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Credible Communication in Dynastic Government

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  • Roger Lagunoff

    (Georgetown University)

Abstract

This paper examines the mechanics of intertemporal information provision in {\em dynastic governments}. It has been suggested that ``horizontal accountability," i.e., a system of governance where auditing functions lie outside the executive branch, can ensure credible disclosure of information. The results here suggest a cautious approach to that view. Government is modelled as a dynastic sequence of regimes. Each regime rules for one period, chooses an expenditure level, then relinquishes power to its successor. When information about past policy choices comes exclusively from the reports of previous regimes, each regime has an incentive to choose its (suboptimal) one shot expenditure policy, and then misrepresent its choice to its successor. I examine the credible communication equilibria taking into account the reporting incentives of an auditor who can independently verify the information each period. In an environment where ``liberal" (i.e., those prefering larger government expenditures) and ``conservative" (those prefering smaller expenditures) regimes and auditors evolve over time, it is shown that: ``conservative" (``liberal") auditors are not credible when the current regime is also ``conservative" (``liberal"). Moreover, because information transmission stops when the auditor's and the regime's biases coincide, effective deterrents even in the ``good" periods (when the auditor's and the regime's biases differ) are difficult to construct. In all periods the equilibrium requirement of auditor neutrality constrains the dynamic incentives for efficient policy choices. The main result shows that these constraints typically bind away from optimal policies in standard constructions of equilibrium.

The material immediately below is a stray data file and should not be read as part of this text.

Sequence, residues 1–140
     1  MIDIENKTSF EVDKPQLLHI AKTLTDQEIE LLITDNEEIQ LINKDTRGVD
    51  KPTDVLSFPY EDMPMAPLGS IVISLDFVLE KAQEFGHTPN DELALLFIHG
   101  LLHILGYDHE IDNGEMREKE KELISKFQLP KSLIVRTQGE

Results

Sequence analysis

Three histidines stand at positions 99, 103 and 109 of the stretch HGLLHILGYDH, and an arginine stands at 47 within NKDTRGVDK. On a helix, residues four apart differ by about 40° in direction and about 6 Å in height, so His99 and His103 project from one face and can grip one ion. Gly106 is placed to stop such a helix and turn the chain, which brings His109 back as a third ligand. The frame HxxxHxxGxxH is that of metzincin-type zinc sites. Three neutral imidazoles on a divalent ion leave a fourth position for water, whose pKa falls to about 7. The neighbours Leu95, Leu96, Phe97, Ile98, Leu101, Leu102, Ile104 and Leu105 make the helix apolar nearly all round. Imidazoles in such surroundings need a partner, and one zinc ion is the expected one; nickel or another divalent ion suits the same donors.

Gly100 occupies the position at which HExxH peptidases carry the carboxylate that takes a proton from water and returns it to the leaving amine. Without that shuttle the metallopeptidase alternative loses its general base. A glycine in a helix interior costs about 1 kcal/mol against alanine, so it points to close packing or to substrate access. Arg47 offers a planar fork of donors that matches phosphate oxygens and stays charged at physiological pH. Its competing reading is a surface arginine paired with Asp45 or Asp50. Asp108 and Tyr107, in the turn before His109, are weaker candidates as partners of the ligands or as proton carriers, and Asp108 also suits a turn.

Suggested Citation

  • Roger Lagunoff, 2002. "Credible Communication in Dynastic Government," Game Theory and Information 0203003, EconWPA.
  • Handle: RePEc:wpa:wuwpga:0203003
    Note: Type of Document - LaTex; prepared on PC ; to print on Best on Postscript ; pages: 28; figures: included
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    References listed on IDEAS

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    Cited by:

    1. Lagunoff, Roger, 2009. "Dynamic stability and reform of political institutions," Games and Economic Behavior, Elsevier, vol. 67(2), pages 569-583, November.
    2. Roger Lagunoff (Georgetown University), 2005. "Markov Equilibrium in Models of Dynamic Endogenous Political Institutions," Working Papers gueconwpa~05-05-07, Georgetown University, Department of Economics.
    3. Luca Anderlini & Dino Gerardi & Roger Lagunoff, 2012. "Communication and Learning," Review of Economic Studies, Oxford University Press, vol. 79(2), pages 419-450.
    4. Roger Lagunoff, 2004. "The Dynamic Reform of Political Institutions," Econometric Society 2004 Latin American Meetings 47, Econometric Society.
    5. Egorov, Georgy & Sonin, Konstantin, 2005. "The Killing Game: Reputation and Knowledge in Non-Democratic Succession," CEPR Discussion Papers 5092, C.E.P.R. Discussion Papers.
    6. Heyes, Anthony & Kapur, Sandeep, 2012. "Community pressure for green behavior," Journal of Environmental Economics and Management, Elsevier, vol. 64(3), pages 427-441.
    7. Georgy Egorov & Konstantin Sonin, 2005. "The Killing Game: Reputation and Knowledge in Politics of Succession," Game Theory and Information 0505003, EconWPA.

    More about this item

    Keywords

    dynastic government; dynamic policy bias; auditor neutrality; credible communication;

    JEL classification:

    • C73 - Mathematical and Quantitative Methods - - Game Theory and Bargaining Theory - - - Stochastic and Dynamic Games; Evolutionary Games
    • D72 - Microeconomics - - Analysis of Collective Decision-Making - - - Political Processes: Rent-seeking, Lobbying, Elections, Legislatures, and Voting Behavior
    • D73 - Microeconomics - - Analysis of Collective Decision-Making - - - Bureaucracy; Administrative Processes in Public Organizations; Corruption
    • D82 - Microeconomics - - Information, Knowledge, and Uncertainty - - - Asymmetric and Private Information; Mechanism Design
    • H11 - Public Economics - - Structure and Scope of Government - - - Structure and Scope of Government

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